Imber Ultra 2019

A couple of weekends ago I ran the Imber Ultra (a little late to write this up).

The Imber ultra is a 50k event based around the Salisbury Plains, in Wiltshire.

Training

Training was very spotty leading up to this race. I ran an Ultra called the Montane Cheviot Goat in December 2018 which left me a little busted up with some knee issues. I spent most of January / February going through the cycle of trying to resolve issues with strength and conditioning work, to then go out for a run tester , to find I was still not ready and needed more time. I ended up ‘DNS’ing on two races already this year, the SAS Fan Dance in Brecon, South Wales – and the Brecon to Cardiff ultra.

Around February my knee was fixed up and I managed to build a bit of mileage ending in a 20 mile trail run the week before this race.

I decided I was not going to go full tilt on this race and have it as a warm up Ultra to other races in the year. I also plan to run the Newport Marathon in May this year, and so I did not want lose two weeks of training from getting to busted up running an ultra.

Newport will be my only road race this year, after that its back on the trails for the North Downs Way 100 mile race, and the Montane Spine Challenger.

Pre-Race

Not a great deal to say here. The race was only 30 minutes away from me. The night before I put out my saloman s-lab vest, filled two soft flasks with tailwind, and packed some sachets of tailwind into the vest, along with a couple of trek bars.

My mate Mark and the Imber race staff recommended road shoes (he ran it the year before), so I wore some Altra Torin’s. Turns out it was a lot more muddy this year, very muddy in fact. I took a few falls during the race and ended up quite often skiing along some of the muddy paths, but this was balanced by being able to run in road shoes on the tarmac sections.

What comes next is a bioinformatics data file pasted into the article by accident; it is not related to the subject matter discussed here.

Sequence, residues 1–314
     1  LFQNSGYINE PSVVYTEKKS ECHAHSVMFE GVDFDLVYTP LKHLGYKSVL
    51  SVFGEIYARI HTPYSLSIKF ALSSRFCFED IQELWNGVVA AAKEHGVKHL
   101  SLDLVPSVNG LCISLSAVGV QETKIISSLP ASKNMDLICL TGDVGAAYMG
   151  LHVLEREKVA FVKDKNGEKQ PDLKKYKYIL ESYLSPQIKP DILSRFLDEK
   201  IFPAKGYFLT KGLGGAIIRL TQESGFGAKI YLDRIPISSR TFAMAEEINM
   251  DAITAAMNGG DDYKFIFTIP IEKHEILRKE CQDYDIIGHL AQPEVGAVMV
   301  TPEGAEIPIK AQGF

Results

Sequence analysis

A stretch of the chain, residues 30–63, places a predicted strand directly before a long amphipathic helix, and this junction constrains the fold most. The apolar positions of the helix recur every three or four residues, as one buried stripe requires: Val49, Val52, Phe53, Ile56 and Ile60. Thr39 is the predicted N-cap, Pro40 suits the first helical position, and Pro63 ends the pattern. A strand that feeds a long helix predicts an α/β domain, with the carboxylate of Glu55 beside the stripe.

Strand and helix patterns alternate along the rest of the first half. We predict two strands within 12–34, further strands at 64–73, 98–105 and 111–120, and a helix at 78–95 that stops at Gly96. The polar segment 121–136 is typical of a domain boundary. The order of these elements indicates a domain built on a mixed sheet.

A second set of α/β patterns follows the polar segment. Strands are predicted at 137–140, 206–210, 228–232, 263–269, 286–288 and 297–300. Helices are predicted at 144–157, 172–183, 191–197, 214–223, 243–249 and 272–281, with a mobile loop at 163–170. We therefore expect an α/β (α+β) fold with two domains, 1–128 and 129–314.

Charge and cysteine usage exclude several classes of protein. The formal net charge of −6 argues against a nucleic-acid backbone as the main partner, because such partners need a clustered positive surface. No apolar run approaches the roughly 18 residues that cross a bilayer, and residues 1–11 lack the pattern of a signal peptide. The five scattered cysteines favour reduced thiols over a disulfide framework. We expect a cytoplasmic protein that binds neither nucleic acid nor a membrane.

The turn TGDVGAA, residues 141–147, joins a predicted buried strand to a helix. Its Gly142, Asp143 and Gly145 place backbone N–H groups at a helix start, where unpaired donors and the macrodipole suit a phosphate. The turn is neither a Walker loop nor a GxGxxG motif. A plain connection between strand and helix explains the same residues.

I also checked the weather, and there was a storm warning ‘Storm Freya’ (80mph gale force winds / heavy rain). I thought to myself ‘this should be interesting’ as Imber is bang in the middle of the ‘Salisbury Plains’ which is a wide open space used by the military, its very exposed and is very windy, even on a mild day. I can’t say I was freaked out or anything, I am used to running out in the mountains during the winter months, so I trust my gear a lot. If anything I made a mental note to look out for loose tree branches or stray debris hurling around in the wind. I did not want to end my life with ‘runner killed by falling tree’.

Race

I started off at very steady pace. I never race off, its too risky – muscle shock can happen here and play out later on in the race. You can get away with that on a 5-10k, but on an ultra it can easily cause problems later on. For me, the first mile is a mini warm up.

There was a muddy climb at the start, followed by a long trail path dropping down about 200 ft. Normally I would whizz down these sort of sections at a 6-7 minute mile pace, but I was slipping all over the place and almost taken out other runners. From here on in, my pace dropped for the climbs and went up again for the flats and downhills, as expected.

My watch was showing an overall average pace of 9 minutes per mile, which meant I was on for a sub 5 if I could keep it up (a nice enough time for a muddy 50k with a some elevation).

The old legs were fairing me well. I kept on top of my nutrition, by sipping on my tail wind and letting chunks of energy bars melt in the corner of my mouth. It was proving to be a good race, right until I got to about mile 18. This was when ‘Storm Freya’ kicked in and reduced us all to walking, or a very slow forward leaning jog. At times it was even a challenge to walk forwards whenever a strong headwind came in.

For this section I put on my goretex jacket (Montane Spine Jacket, freaking love this coat) and pulled down on the cords of the climbing jacket style hood. The last ten miles is normally the faster section (where my road shoes would have come in lol!). Here I slowed down to 11-13 minute miles and just focused on driving it home to the finish with a time of 5:40.

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Post-race

Back at HQ I changed into dry kit right away and drank a pre-mixed tailwind recovery drink (I likely sound like I am promoting them, promise I am not, I just get on well with their gear). I did some stretches and chatted with some other runners.

I got my race mug (they give you a nice thick clay moulded mug instead of a medal, which I really like as I use it for my coffee).

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Went home and spent the evening watched ‘Loser’ on Netflix and stuffed my face with food.

Verdict

Great race, and really good value for money. All of the event staff were super supportive and welcoming and the race went without a hitch. Its also a really nice course, not a crazy amount of elevation, but definitely not flat.

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